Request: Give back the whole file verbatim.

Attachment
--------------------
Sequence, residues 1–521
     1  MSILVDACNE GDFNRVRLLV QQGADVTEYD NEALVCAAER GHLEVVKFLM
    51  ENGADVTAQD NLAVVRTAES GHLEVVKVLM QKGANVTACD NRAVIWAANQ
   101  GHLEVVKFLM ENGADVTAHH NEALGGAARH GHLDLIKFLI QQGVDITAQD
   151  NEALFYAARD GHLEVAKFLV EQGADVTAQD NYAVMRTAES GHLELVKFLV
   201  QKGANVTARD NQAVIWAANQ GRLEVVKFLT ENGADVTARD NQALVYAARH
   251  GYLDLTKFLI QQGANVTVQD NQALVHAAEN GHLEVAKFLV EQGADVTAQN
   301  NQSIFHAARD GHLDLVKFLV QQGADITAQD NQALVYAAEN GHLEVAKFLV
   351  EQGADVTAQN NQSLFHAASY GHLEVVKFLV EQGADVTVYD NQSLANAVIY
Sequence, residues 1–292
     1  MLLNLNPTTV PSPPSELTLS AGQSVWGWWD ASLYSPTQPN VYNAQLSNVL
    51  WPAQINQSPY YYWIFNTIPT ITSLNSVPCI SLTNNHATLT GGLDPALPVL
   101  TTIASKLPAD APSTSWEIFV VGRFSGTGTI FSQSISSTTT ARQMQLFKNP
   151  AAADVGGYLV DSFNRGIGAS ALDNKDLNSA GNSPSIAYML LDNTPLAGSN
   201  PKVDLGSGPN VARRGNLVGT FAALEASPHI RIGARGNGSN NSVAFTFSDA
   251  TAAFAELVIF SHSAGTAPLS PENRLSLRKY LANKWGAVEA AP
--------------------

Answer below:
Sequence, residues 1–521
     1  MSILVDACNE GDFNRVRLLV QQGADVTEYD NEALVCAAER GHLEVVKFLM
    51  ENGADVTAQD NLAVVRTAES GHLEVVKVLM QKGANVTACD NRAVIWAANQ
   101  GHLEVVKFLM ENGADVTAHH NEALGGAARH GHLDLIKFLI QQGVDITAQD
   151  NEALFYAARD GHLEVAKFLV EQGADVTAQD NYAVMRTAES GHLELVKFLV
   201  QKGANVTARD NQAVIWAANQ GRLEVVKFLT ENGADVTARD NQALVYAARH
   251  GYLDLTKFLI QQGANVTVQD NQALVHAAEN GHLEVAKFLV EQGADVTAQN
   301  NQSIFHAARD GHLDLVKFLV QQGADITAQD NQALVYAAEN GHLEVAKFLV
   351  EQGADVTAQN NQSLFHAASY GHLEVVKFLV EQGADVTVYD NQSLANAVIY
Sequence, residues 1–292
     1  MLLNLNPTTV PSPPSELTLS AGQSVWGWWD ASLYSPTQPN VYNAQLSNVL
    51  WPAQINQSPY YYWIFNTIPT ITSLNSVPCI SLTNNHATLT GGLDPALPVL
   101  TTIASKLPAD APSTSWEIFV VGRFSGTGTI FSQSISSTTT ARQMQLFKNP
   151  AAADVGGYLV DSFNRGIGAS ALDNKDLNSA GNSPSIAYML LDNTPLAGSN
   201  PKVDLGSGPN VARRGNLVGT FAALEASPHI RIGARGNGSN NSVAFTFSDA
   251  TAAFAELVIF SHSAGTAPLS PENRLSLRKY LANKWGAVEA AP